~ Earth Layers ~
Question: How is Earth like an Egg or Apple?
Click here: The Egg Song / The Apple Song
Click here: Layers of the Earth Rap / Throw your Hands Up Song
Question: How is "Toad in the Hole" like the Earth?
..Toad.. in the Hole
Inner Core, Outer Core, Mantle and CRUST
British Toad in the Hole: Yorkshire Pudding, Sausage, Onion Gravy
~ An Overview of the Layers of the Earth ~
Iron and Nickel
- Moho Boundary
Rock Sample: Basalt
Rock Sample: Granite
Click here: Annenburg Interactive > Earth's Interior
~ The Earth's Crust ~
Continental Crust: 40 - 70 km thick / Density = 2.7 gm/cm3
Oceanic Crust: 5 km thick / Density = 3.0 gm/cm3
Upper Mantle: 660 km thick / Density = 3.3 gm/cm3
Granite ( Continental ) and Basalt ( Oceanic )
Lithosphere: Rigid Upper Mantle and Lower Crust
Aesthenosphere: Soft, Flowing Middle to Upper Mantle
Moho: Transition between the Crust and Mantle
The Mohorovicic Discontinuity
Click here: Andrija Mohorovicic
~ Magma vs. Lava ~
Magma: Melted Rock (Magma) that is Underground
Lava: Melted Rock (Magma) that has Reached the Surface of the Earth
FYI: Volcanoes bring magma from the mantle to the surface.
Harnessing Heat from the Earth
Question: How does Earth's temperature change as depth increases?
Above and Below: Geothermal Energy Power Plant
Click here: Geothermal Energy / Learn More
~ Plasticity in the Mantle ~
( the ability of a solid to flow like a liquid )
( an internal property of a fluid that offers a resistance to flow )
( a fluid that experiences a rise in viscosity when pressure is applied )
Click here: Seussville / Oobleck / Other Slimy Recipes
Click here: Pool of Oobleck / Ellen Pool / Mythbusters / Creeping Oobleck
Oobleck simulates "Plasticity" in the Mantle:
* Under Conditions of High Temperature ~~~> flowing liquid
* Under Conditions of High Pressure ===> rigid solid
Oobleck Recipe: 3 cups Corn Starch + 1 cup Water
(optional: food coloring)
Oobleck Rules and Regulations:
1. Do NOT get any oobleck on the floor, chairs or clothing.
2. Do NOT let the oobleck go past your wrist when handling it.
3. Do NOT throw oobleck through the air.
4. Do NOT taste/eat the oobleck.
Corn Starch and Water
Click here: What is Cornstarch?
1. Pour a large Oobleck "pancake" onto the tabletop in front of you.
2. Quickly "slap" the top surface of the Oobleck to see if it splashes.
3. Push your index finger through the pancake very slowly, with light pressure.
4. Push your index finger through the pancake very quickly like a bulldozer, with a lot of pressure.
5. Rub your hand over the Oobleck pancake in a circular pattern as if you are "polishing" the surface.
>> Then...suddenly STOP moving your hand when it is in the center of the Oobleck pancake, and let your hand sink down into the Oobleck.
6. Breathe on your hand in front of your face to feel the warmth of your breath.
>> Then, breathe onto the top surface of the Oobleck.
>> Now, blow onto the top of the Oobleck to try to create ripples on the surface.
7. Pick up the pancake of Oobleck off the tabletop and place it into the cupped palm of your hand.
>> Be sure to separate your fingers apart, and let the Oobleck drip through your fingers onto the tabletop.
8. Pick up the pancake of Oobleck again, and this time form it into a ball by passing it back and forth between your two hands. Then, let the ball drop onto the tabletop and watch it ooze back into a flat pancake puddle.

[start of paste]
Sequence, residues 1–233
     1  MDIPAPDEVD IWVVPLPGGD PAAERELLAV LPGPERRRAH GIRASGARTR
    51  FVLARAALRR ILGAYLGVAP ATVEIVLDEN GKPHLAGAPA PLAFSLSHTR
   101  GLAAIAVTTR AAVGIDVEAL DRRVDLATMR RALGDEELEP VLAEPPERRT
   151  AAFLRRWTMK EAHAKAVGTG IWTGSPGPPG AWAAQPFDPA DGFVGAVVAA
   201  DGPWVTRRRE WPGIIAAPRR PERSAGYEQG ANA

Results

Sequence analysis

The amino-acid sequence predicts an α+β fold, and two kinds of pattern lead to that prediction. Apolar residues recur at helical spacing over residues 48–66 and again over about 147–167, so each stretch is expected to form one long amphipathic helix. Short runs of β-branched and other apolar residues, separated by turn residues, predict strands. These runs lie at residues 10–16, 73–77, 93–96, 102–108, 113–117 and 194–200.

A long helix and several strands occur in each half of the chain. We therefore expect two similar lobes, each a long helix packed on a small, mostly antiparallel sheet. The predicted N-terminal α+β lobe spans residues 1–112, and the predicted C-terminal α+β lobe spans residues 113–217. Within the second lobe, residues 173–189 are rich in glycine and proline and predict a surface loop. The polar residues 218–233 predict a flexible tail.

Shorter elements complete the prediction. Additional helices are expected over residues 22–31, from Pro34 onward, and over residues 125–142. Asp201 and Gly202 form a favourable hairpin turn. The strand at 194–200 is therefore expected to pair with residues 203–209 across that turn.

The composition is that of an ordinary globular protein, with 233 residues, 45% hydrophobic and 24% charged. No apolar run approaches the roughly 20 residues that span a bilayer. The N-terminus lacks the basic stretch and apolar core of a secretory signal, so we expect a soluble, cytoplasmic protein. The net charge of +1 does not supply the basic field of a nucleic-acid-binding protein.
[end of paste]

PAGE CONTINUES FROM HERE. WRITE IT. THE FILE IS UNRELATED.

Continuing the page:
9. Pick up a small marble sized piece of Oobleck, and press it firmly between your thumb and index finger, then release your fingers, then press, then release.
10. Pick up some Oobleck, and rapidly squeeze it between your fist, then release, then squeeze and release, squeeze and release.
11. Pick up some Oobleck and form a ball, then grab it between your two hands, then rapidly "rip" it apart into two pieces.
12. To clean up, wash your hands in the BUCKET at the first sink station.
>> Then, give your hands a final rinse at the second sink.
How does Oobleck behave under conditions of:
A. Low Pressure
B. High Pressure
C. Low Temperature
D. High Temperature
~ Convection Currents in the Mantle ~
Hot matter rises, then cools and sinks.
Peace, Love and Lava Lamps:
Click Here: Groovy Lava Lamp Video
Click Here: Make your own Lava Lamp / How a Convection Lamp Works
Click here: Mantle Convection Video Clips / Video / Fishtank Convection
Q: What is the source of movement in the Earth's crust?
A: Convection Currents in the Mantle.
Inner Core = SOLID
Outer Core = LIQUID
~The Core is made of Iron and Nickel~
Used in making steel
Atomic Number: 26
Forms Rust: (Fe2O3)
Used in making steel
Atomic Number: 28
Used in batteries
Below: Bad Sci-Fi
Click here: Magnetism
FYI: Earth's magnetic pole is 11.5 degrees off from Earth's axis of rotation.
Geographic Pole - The Rotational Point of Earth's Axis
Magnetic Pole - The place where Earth's Magnetic Field lines converge
Below: Antarctica and the South Poles
Below: True Geographic South Pole Sign
(First explored by Roald Amundsen and Robert F. Scott)
Geographic North and South Pole vs. Magnetic North and South Pole:
Below: 2,000 Years of Earth's Wandering Magnetic North Pole
(Greenland, Canada, Siberia, Russia, Arctic Ocean)
Below: Earth's Wandering Magnetic South Pole (Antarctica)
~ Investigating the Inside of the Earth ~
The Earth's Interior
Question: How do people know what the core and mantle are like... if we have never drilled down that deep?
Answer: Direct evidence from rock samples and indirect evidence from seismic (earthquake) waves.
Click here: Earth's Interior
Inge Lehman: Discoverer of the Earth's Core
~ Journey to the Center of the Earth ~
(A great idea: Watch this film for extra credit.)
Classic Fiction Novel by Jules Verne
Original Film (1959):
Another Version of the Film (1989):
A Modern Remake of the Film in 3-D (2008):
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